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The Expertise Paradox

So you can't be an expert and have a balanced view. From Three-Toed Sloth:

"experts need to acquire and store tens of thousands of cases within their domains in order to recognize patterns, generate and test hypotheses, and contribute to the collective knowledge within their fields. In other words, becoming an expert requires a significant number of years of viewing the world through the lens of one specific domain. It is the specificity that gives the expert the power to recognize patterns, perform tasks, and solve problems.

Paradoxically, it is this same specificity that is restrictive, narrowly focusing the expert's attention on one domain to the exclusion of others. It should come as little surprise, then, that an expert would have difficulty identifying and weighing variables in an interdisciplinary task ..."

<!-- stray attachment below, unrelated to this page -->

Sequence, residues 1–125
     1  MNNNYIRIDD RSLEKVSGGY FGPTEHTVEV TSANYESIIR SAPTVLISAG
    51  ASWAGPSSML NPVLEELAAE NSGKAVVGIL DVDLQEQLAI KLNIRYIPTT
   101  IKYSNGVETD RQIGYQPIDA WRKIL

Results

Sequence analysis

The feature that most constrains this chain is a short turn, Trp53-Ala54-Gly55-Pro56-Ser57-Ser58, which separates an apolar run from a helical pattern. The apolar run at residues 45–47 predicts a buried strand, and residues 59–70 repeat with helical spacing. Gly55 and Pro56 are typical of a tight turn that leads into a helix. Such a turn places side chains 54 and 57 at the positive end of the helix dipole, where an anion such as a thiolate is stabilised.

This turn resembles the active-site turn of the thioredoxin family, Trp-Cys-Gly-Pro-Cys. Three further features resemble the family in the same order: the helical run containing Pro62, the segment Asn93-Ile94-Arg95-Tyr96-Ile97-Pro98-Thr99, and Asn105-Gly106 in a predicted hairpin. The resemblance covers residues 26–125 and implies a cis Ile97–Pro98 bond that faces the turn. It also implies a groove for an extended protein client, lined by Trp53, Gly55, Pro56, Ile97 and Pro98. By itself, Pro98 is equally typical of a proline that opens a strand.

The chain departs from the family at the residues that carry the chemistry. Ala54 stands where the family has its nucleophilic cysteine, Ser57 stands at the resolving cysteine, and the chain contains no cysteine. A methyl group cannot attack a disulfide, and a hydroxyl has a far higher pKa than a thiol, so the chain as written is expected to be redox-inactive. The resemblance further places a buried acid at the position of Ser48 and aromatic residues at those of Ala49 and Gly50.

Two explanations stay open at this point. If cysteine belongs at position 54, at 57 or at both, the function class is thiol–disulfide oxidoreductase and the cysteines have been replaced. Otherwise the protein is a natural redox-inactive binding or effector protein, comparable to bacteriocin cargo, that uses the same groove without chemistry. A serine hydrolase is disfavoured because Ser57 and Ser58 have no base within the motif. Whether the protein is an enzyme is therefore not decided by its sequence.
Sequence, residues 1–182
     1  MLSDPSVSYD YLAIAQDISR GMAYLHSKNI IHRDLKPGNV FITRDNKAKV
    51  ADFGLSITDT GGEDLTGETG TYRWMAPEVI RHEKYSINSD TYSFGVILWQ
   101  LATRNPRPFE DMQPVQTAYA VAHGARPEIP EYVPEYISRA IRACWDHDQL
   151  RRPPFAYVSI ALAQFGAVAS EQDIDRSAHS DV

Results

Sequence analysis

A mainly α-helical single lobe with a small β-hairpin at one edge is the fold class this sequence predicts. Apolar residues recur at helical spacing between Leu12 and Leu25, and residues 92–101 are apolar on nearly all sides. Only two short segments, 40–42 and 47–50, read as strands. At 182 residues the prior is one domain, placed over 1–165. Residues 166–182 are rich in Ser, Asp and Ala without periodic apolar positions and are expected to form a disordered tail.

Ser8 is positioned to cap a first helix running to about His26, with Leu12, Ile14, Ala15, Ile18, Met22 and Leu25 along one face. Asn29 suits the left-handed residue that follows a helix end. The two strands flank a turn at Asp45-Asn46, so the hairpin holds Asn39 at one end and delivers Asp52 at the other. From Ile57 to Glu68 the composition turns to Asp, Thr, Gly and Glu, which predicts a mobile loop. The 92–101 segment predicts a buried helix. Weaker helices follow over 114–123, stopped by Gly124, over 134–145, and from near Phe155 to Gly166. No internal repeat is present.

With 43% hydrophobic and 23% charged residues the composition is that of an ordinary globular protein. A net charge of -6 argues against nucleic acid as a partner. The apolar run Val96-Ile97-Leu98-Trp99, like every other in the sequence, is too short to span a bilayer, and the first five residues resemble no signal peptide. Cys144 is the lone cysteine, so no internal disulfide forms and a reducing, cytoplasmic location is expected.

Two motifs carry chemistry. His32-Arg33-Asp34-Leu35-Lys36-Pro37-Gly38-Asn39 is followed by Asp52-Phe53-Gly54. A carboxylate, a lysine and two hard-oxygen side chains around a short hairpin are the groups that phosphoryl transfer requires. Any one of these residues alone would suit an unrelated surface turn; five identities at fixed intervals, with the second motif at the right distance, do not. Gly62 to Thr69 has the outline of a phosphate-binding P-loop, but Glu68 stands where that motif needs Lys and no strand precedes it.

This gets kind of interesting if you think about experts in say, Web 2.0/social computing. And you get another paradox, because presumably Web 2.0 expertise includes, along with the O'Reilly Mile, a strong appreciation of the fragility and inherent bias of expertise?


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